Something Worth Fighting For

On this 4th of July, we all celebrate the bold and courageous step our founders made in declaring independence from Britain. Liberty was at stake, but after the start of the Revolutionary War so were property, lives, and even states. Have you ever thought how just one battle or turn of events could have changed the course of history and even the physical shape of our country? You may not be aware of the battles for Georgia and even Florida during the Revolution. Below is a brief history.

Georgia

In the early days of the war, Savannah and Augusta were easy targets for the Loyalists to hold for the British and defend. But Elijah Clarke reformed his brigade in the Spring of 1781 and joined with a group of South Carolina militia under the command of Micajah Williamson as he was obsessed with the idea of freeing Augusta. Augusta was an outpost connected to Savannah by the 80 mile River Road. On May 20, 1781, Clarke and Williamson got welcome support from General Andrew Pickens, in command of a group of South Carolina militia and Lieutenant Colonel Henry “Light Horse Harry” Lee, who had learned tactical cavalry support under Casimir Pulaski. A second group of Continentals, under the new Commander of the Southern Department Nathanael Greene was laying siege to Ninety Six not far from Augusta. Clarke and the other Georgia commanders were greatly relieved at Lee’s arrival. On May 21, Lee and Pickens raid Fort Galphinton on Silver Bluff, securing a significant amount of British stores including munitions.On May 25 they took Fort Grierson, and on June 5 the patriots secured Augusta. Grierson, who had been so abusive to the upcountry Whigs, was killed after the surrender of the city.

By July 3rd, 1781 (notice the date) almost every outpost along the Savannah River had been abandoned by the British allowing Georgia colonialists to regain most of their lost territory. Enter General Anthony Wayne, widely regarded as one of the best American generals during the Revolution, who after a supporting role in Cornwalis’ surrender at Yorktown Wayne headed south to assist the patriots of Georgia. Although outnumbered two to one, Wayne soundly defeated his British opponents in Georgia, culminating what was one of the most brilliant campaigns of the Revolution.

Florida

In September of 1779 the Spanish, who had joined the war on the American side, retook British West Florida. There were three engagements though between Americans and the British and Tories near today’s Jacksonville. The Battle of Thomas Creek, the Skirmish of Alligator Creek, and the Tories of Cow Ford.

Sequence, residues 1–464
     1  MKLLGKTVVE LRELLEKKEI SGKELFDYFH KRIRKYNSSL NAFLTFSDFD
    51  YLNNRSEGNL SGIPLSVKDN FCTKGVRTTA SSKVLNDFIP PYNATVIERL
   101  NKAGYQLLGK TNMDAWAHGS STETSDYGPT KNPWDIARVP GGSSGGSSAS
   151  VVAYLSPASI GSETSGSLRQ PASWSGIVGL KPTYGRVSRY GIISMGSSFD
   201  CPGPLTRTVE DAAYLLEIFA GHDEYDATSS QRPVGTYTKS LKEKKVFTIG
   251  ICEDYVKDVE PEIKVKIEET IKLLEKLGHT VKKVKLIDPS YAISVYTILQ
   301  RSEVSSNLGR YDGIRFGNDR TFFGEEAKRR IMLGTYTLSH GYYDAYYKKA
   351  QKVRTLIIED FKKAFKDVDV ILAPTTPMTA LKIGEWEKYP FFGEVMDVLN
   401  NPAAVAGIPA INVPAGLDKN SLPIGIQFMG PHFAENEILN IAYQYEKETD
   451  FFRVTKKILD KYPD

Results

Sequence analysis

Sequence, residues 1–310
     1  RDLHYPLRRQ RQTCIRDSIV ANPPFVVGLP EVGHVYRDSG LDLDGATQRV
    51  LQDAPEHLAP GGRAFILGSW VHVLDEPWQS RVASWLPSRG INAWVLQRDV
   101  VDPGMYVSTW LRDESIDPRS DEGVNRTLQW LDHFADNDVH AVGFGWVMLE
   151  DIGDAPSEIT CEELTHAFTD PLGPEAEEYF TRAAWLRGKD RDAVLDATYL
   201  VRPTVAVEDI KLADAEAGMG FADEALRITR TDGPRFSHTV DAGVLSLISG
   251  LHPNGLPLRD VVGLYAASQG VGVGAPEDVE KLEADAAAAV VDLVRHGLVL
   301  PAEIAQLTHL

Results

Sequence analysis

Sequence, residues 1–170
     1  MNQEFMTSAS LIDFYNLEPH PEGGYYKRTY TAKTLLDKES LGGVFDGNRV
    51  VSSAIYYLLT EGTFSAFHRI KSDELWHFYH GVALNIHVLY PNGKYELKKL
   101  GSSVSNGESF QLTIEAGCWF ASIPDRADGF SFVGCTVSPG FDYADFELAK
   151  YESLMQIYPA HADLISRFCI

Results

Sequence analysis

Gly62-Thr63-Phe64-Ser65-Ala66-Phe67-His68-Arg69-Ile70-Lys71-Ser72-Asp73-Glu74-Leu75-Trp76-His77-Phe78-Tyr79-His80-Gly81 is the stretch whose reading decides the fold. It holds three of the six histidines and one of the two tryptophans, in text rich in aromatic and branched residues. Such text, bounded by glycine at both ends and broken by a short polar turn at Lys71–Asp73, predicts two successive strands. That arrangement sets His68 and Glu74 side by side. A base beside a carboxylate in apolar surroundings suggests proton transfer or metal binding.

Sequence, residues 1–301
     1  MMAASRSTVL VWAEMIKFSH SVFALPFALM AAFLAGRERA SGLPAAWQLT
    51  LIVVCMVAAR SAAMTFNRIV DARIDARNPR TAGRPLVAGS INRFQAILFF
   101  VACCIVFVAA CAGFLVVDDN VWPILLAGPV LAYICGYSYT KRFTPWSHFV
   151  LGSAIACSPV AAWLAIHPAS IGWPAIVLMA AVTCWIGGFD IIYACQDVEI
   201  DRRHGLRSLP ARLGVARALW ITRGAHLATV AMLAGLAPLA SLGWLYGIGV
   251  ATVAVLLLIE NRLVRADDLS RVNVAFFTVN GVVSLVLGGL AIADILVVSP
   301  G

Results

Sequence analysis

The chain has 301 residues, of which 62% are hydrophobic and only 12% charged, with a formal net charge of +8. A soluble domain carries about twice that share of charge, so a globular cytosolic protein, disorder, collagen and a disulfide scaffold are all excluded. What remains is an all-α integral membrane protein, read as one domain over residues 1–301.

In Cow Ford, my apparently 4th great grand uncle Captain William Cone, of the Richmond County Militia of Georgia, gathered a party of men in 1781 and drove the Tories back into Florida after they advanced into Georgia. But then Captain Cone, William Williams, and two of his men were captured by the British and imprisoned in the fort Castillo de San Marcos in St. Augustine. In 1783, Captain Cone and his men managed to escape. For his work in driving the Tories back into Florida, Captain Cone and his men were granted 200 acres of confiscated land on the south side of the Great Ogeechee River in northeastern Georgia.

English: Photo of the Castillo de San Marcos f...

Photo of the Castillo de San Marcos fort in St. Augustine, Florida, USA. (Photo credit: Wikipedia)

After the loss of Savannah the Spanish walked into St. Augustine and claimed the city with little resistance from the British. February, 1783, marked the official cession of hostilities and on September 3, 1783 the Treaty of Paris was signed, ending the Revolution. The 13 colonies had defeated the most powerful nation in the world.

If you are interested in learning more about battles in Georgia and skirmishes in Florida here is where I found the information excerpted above. Thanks to Randy Golden and the Florida Society of the Sons of the American Revolution.

I also want to thank my other ancestors who were Revolutionary War Veterans for helping our founders achieve our liberty and all those veterans who have preserved it since. May God Bless America! Happy 4th of July.

Joy in Both Places

Joy in Both Places

Now I can listen to my favorite Christian music station in both Tampa and Atlanta. Check out their perfect combination of inspirational music, celebrity interviews, upbeat morning show with Dave, Bill, and Carmen, and evenings with JR. I highly suggest it! Don’t live in Tampa or Atlanta, listen online at http://www.thejoyfm.com

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Tea Party Time

English: The Supreme Court of the United State...

The Supreme Court of the United States.

The Gadsden flag

The Gadsden flag (Photo credit: Wikipedia)

Scratching your head over today’s decision by the Supreme Court to uphold the healthcare law because it is in fact a tax?

Were you kind of looking forward to breathing that big sigh of relief when the healthcare law would be deemed unconstitutional and Congress could go back to the drawing board?

Did you originally like some of the elements you heard about when the law was first passed, but since then decide that our government had way overreached and that maybe you were witnessing the creation of a government behemoth that might just start taking away your liberty under the pretense of helping those less fortunate?

I suspect that a lot of people feel this way, and that we are going to witness the re-awakening of a sleeping giant called the Tea Party that never really went anywhere. For your information here is a list of Tea Party Organizations in our fine cities:

Tampa 

The Tampa Tea Party – website or Facebook

Tampa 9-12 – website or Facebook

Tea Party Express – website

Atlanta

Atlanta Tea Party Patriots – Facebook

Atlanta Tea Party – website

Southern Belle Politics – blog

South Atlanta Tea Party – website or Facebook

Question: Do you think the Tea Party has been effective in creating a positive dialogue that did not previously exist?